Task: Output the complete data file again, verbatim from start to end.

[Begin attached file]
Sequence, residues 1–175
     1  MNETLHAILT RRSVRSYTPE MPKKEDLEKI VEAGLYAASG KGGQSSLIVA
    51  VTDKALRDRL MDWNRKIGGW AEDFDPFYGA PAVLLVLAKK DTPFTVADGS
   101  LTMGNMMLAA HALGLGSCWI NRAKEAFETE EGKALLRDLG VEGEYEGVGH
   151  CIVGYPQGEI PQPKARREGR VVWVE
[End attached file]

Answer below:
Sequence, residues 1–175
     1  MNETLHAILT RRSVRSYTPE MPKKEDLEKI VEAGLYAASG KGGQSSLIVA
    51  VTDKALRDRL MDWNRKIGGW AEDFDPFYGA PAVLLVLAKK DTPFTVADGS
   101  LTMGNMMLAA HALGLGSCWI NRAKEAFETE EGKALLRDLG VEGEYEGVGH
   151  CIVGYPQGEI PQPKARREGR VVWVE